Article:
05 February 2009

'A Model of Faith & Virtue'—St Paulinus of Nola


I was pleased to see that the only Saint that leapt out at me today was St Paulinus of Nola (c. 354-431). I have very little material on him, thus making it less tempting to write a long post, for which I lack the time today anyway. Besides, my main interest is in his poetry, the reproduction here of which is far less time-consuming than composing my usual hagiographical material.

As for the man, I think perhaps the most exemplary of his virtues was his readiness to give up his wealth for Christ. Phil Snider has called attention to a passage in Suplicius Severus’s Life of Martin of Tours where the author reports St Martin as having commended the example of St Paulinus. As Phil has not included the name of the man being referred to in his translation, I shall quote Alexander Roberts’s translation (one can also find it in Early Christian Lives [London: Penguin, 1998], p. 157):

His conversation with me was all directed to such points as the following: that the allurements of this world and secular burdens were to be abandoned in order that we might be free and unencumbered in following the Lord Jesus; and he pressed upon me as an admirable example in present circumstances the conduct of that distinguished man Paulinus, of whom I have made mention above [btw, I couldn't find this reference he mentions; help is apppreciated!]. Martin declared of him that, by parting with his great possessions and following Christ, as he did, he showed himself almost the only one who in these times had fully obeyed the precepts of the Gospel. He insisted strongly that that was the man who should be made the object of our imitation, adding that the present age was fortunate in possessing such a model of faith and virtue. For Paulinus, being rich and having many possessions, by selling them all and giving them to the poor according to the expressed will of the Lord, had, he said, made possible by actual proof what appeared impossible of accomplishment.

St Paulinus’s poetry may well be what he is most remembered for today, however. I first encountered him in Helen Waddell’s outstanding introduction—which I’ve already had occasion to mention—to her collection of Desert Fathers material, The Desert Fathers, trans. and ed. Helen Waddell (Ann Arbor, MI: U of Michigan, 1957). There, on p. 35, she quotes the following from St Paulinus (see also Helen Waddell, trans., Mediæval Latin Lyrics [London: Constable, 1951], p. 35):

Not that they beggared be in mind, or brutes,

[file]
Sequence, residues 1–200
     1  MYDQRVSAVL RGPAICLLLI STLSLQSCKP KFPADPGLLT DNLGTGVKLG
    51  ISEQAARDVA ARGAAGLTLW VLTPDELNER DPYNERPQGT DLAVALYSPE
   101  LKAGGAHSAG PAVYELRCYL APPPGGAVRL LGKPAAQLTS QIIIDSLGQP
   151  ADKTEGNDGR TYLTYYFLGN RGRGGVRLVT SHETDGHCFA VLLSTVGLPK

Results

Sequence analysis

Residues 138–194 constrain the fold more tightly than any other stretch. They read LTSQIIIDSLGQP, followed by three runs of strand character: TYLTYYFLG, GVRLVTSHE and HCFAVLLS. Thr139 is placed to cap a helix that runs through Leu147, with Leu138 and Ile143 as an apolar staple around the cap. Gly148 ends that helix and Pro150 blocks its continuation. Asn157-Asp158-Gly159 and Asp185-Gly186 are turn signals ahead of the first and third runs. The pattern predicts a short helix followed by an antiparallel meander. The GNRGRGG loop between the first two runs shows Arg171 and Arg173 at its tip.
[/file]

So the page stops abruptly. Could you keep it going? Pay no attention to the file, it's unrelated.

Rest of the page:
That they have chosen a dwelling-place afar
In lonely places: but their eyes are turned
To the high stars, the very deep of Truth.
Freedom they seek, an emptiness apart
From worthless hopes: din of the market place
And all the noisy crowding up of things,
And whatsoever wars on the Divine,
At Christ’s command and for His love, thy hate.
By faith and hope they follow after God,
And know their quest shall not be desperate,
If but the Present conquer not their souls
With hollow things: that which they see they spurn,
That they may come at what they do not see,
Their senses kindled like a torch that may
Blaze through the secrets of eternity.
The transient’s open, everlastingness
Denied our sight: yet still by hope we follow
The vision that our eyes have seen, despising
The shows and forms of things, the loveliness
Soliciting for ill our mortal eyes.
The present’s nothing: but eternity
Abides for those on whom all truth, all good,
Hath shone in one entire and perfect light.

As bishop of Nola, Italy, which office he faithfully fulfilled for about 22 years, St Paulinus actively promoted the veneration of St Felix, a local martyr. I shall close with Waddell’s translation of his moving poem ‘For St Felix’s Day’, from Latin Poetry in Verse Translation: From the Beginnings to the Renaissance, ed. L.R. Lind (Boston: Houghton Mifflin, 1957), p. 319:

Spring wakens the birds’ voices, but for me
My Saint’s day is my spring, and in its light
For all his happy folk the winter flowers.
Keen frost without, midwinter, and the year
Rigid with cold and all the country white,
But gone the harder winter of the soul.

Even as the gentle swallow knows the days
That are his friends, the white bird with black wings,
And the kind turtle-doves, and no bird sings,
But silently slips through the ragged copses,
Till the day comes that the thorn trees are loud
With the greenfinches, then what shining wings
And what gay voices, so I know the day
Year after year that is St Felix’ Feast,
And know the springtime of my year is come,
And sing him a new song.

4 comments:

Esteban Vázquez said...

As an interesting, name-related tidbit, one might note that it is St Paulinus' wife St Therasia whose name stands behind the later Spanish name "Teresa" (variously spelled in other languages).

aaronandbrighid said...

Thank you, my friend. I had no idea! It makes sense I suppose, as his wife was Spanish.

Terence Weldon said...

St Paulinus' poetry is also included in the Penguin Book of Homosexual Verse - as is that of another early saint and bishop, Venantius Fortunatus.

aaronandbrighid said...

Good grief.